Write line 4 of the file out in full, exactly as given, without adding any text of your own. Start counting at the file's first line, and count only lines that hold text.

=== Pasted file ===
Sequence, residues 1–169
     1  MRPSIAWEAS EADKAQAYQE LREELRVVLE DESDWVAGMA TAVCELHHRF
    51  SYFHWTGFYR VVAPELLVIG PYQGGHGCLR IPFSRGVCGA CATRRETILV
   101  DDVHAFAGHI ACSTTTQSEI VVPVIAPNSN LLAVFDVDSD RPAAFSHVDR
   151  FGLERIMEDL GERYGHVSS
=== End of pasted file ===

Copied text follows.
   101  DDVHAFAGHI ACSTTTQSEI VVPVIAPNSN LLAVFDVDSD RPAAFSHVDR